Betfair's Orr stresses Pendleton was up to the task at every stage
Betfair's Barry Orr has defended Victoria Pendleton, the subject of the firm's 'switching saddles' campaign, who under new BHA rules would have been preventing from riding in the 2016 Foxhunter Chase, in which she finished fifth.
Although he said he understands why new riding restrictions have been introduced for the amateur race, Orr stressed that the former Olympic cycling gold medallist had received the support and advice of an outstanding team of professionals from start to finish. He added she would not have persevered had she considered herself to be a danger to herself or others.
Orr is now involved with a similarly challenging promotion involving former Manchester United and England defender Rio Ferdinand’s bid to box professionally.
He said on Wednesday, a day after the changes to the Foxhunter race conditions were unveiled: "We worked within the parameters set out by the authorities throughout, but first and foremost always deferred to the team of experts we'd gathered around Victoria – Yogi Breisner, Lawney Hill and Paul Nicholls, and, most importantly, Victoria herself and whether she felt she was up to it.
"Right from the start Victoria was incredibly dedicated and Yogi was relaying to the wider team throughout where she needed to be and where she was at. At every stage she was at the proficiency level she was supposed to be at within that time frame.
"Fingers crossed it goes as well with Rio, who shows the same dedication and shares quite a few of Victoria's personal traits."
He added: "Our campaign had a successful conclusion for all concerned – not just Victoria and Betfair but racing. It's going to be more difficult to do that sort of thing in the future, but it's up to the individual and how much they want it."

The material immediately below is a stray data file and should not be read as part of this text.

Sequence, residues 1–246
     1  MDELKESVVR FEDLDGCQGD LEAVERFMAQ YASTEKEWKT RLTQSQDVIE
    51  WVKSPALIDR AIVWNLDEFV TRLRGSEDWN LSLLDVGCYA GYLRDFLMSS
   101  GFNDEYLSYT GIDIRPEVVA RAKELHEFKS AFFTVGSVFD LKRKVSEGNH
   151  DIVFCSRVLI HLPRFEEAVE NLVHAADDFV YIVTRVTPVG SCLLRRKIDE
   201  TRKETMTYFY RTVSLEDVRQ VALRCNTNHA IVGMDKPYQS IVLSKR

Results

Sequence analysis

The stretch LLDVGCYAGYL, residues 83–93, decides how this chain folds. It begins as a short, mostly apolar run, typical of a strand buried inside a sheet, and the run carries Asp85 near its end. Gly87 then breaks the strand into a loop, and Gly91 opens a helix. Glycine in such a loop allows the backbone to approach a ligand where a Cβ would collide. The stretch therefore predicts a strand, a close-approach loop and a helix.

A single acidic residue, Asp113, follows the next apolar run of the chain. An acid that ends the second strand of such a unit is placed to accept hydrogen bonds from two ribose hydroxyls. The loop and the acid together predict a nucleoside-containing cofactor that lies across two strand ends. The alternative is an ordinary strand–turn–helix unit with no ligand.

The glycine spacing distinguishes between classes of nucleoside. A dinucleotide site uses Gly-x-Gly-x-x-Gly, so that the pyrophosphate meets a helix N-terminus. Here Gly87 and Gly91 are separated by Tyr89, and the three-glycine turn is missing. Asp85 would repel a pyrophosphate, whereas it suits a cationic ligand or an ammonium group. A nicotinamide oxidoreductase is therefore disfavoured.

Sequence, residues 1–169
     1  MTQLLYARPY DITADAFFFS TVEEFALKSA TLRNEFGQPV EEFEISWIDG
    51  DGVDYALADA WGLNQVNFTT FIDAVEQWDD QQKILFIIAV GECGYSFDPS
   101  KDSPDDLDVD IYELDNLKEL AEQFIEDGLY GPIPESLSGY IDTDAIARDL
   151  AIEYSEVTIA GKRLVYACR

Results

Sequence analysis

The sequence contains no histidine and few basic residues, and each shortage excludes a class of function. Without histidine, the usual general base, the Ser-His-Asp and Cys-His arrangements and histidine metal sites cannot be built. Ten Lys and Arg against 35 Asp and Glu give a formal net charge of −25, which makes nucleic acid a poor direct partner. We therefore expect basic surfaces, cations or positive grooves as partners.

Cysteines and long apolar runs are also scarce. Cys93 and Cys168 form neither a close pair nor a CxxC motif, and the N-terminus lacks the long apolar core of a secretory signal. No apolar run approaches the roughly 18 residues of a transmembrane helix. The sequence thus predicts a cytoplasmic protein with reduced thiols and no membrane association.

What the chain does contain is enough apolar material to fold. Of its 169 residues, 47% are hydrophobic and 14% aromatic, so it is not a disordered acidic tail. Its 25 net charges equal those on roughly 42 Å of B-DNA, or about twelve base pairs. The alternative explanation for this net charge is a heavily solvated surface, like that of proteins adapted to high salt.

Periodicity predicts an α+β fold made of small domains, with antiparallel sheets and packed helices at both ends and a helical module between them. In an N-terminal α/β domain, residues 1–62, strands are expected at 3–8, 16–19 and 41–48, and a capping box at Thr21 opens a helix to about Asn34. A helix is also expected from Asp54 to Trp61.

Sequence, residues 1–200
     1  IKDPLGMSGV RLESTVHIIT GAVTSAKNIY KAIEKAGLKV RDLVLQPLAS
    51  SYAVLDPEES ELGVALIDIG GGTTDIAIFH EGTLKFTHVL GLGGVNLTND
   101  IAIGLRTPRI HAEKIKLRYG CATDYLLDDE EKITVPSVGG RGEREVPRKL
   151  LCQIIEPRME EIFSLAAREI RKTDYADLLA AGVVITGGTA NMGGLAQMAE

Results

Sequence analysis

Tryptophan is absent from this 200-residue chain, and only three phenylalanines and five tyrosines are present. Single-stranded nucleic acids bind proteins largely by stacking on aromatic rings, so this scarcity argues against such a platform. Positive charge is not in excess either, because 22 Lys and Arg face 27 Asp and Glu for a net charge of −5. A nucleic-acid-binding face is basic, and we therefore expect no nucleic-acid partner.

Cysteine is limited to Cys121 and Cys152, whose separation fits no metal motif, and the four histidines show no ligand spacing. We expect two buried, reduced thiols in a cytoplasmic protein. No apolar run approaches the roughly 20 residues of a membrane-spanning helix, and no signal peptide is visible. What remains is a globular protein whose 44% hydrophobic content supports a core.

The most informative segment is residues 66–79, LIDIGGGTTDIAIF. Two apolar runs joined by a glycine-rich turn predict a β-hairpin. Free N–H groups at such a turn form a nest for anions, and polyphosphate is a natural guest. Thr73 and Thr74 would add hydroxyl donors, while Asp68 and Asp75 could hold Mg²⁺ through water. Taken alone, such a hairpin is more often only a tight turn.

Ferdinand, who brought the curtain down on one of the most decorated careers in English football in May 2015, announced last month he was training hard as a boxer, with the ultimate aim of competing professionally for a belt.
Orr said: "Rio's training hard with Richie Woodhall [former Olympic medallist and winner of various belts], who's a top quality trainer, and they're working hard. Rio has the same focus and determination as Victoria and every other elite athlete. There are a lot of parallels.
"It's one step at a time. For Victoria the first target was simply to get a licence, and it's the same for Rio as his first major step is to get his licence from the British Boxing Board of Control. Hopefully he'll reach the required level in the next couple of months or so."
There are currently 148 category B licence holders, while another 55 from the jumps fraternity are category A, as Pendleton was last year, and no longer eligible for the Foxhunter.
Two of the four who took part this year with category A licences have already graduated to category B and the others theoretically still have time, although Callum Miller, who in this year's race pulled up his own horse Lets Get Serious, points out he would need five days off work to be granted a category B.
Miller, a pupil-assistant to Karl Burke who runs a point-to-point yard with his partner Mia, said: "Riding for me was just a stepping stone towards training and as my riding career never really took off it's just for fun now, but I've been riding all my life.
"I've had point-to-point winners and winners under rules, and I'd just never gone for the category B as I'd never needed it and I'm too busy at work.
"If we had a point-to-pointer good enough to go next March I'd now have to get another rider, and that will be frustrating, because like a lot of category A amateurs, I've been riding all my life and I'm more than competent.
"Victoria Pendleton was completely different. She'd been riding for only a year."
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